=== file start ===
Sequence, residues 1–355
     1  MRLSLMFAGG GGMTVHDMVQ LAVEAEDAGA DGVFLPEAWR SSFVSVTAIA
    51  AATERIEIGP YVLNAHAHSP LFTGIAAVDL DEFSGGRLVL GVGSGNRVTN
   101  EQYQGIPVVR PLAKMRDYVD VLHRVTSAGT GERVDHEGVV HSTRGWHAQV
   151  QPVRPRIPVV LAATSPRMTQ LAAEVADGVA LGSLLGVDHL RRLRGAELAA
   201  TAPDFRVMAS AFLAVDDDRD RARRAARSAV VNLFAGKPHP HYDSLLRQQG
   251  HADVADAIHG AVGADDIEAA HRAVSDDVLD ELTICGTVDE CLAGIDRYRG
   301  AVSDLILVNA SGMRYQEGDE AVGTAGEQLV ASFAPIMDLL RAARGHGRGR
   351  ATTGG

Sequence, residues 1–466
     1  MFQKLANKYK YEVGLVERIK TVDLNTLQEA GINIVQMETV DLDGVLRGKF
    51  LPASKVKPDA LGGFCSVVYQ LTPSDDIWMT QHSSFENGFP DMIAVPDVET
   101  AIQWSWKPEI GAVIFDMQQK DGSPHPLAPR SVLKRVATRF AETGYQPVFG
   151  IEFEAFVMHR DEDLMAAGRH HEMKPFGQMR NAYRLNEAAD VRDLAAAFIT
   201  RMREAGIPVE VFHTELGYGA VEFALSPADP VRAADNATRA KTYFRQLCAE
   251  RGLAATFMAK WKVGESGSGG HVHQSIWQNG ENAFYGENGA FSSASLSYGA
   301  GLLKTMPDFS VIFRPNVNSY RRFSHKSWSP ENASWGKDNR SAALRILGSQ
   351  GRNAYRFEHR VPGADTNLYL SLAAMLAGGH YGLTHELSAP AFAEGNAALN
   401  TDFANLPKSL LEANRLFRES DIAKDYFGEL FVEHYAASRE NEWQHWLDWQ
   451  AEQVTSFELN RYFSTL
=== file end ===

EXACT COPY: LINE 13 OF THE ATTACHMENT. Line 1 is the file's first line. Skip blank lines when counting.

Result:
   101  AIQWSWKPEI GAVIFDMQQK DGSPHPLAPR SVLKRVATRF AETGYQPVFG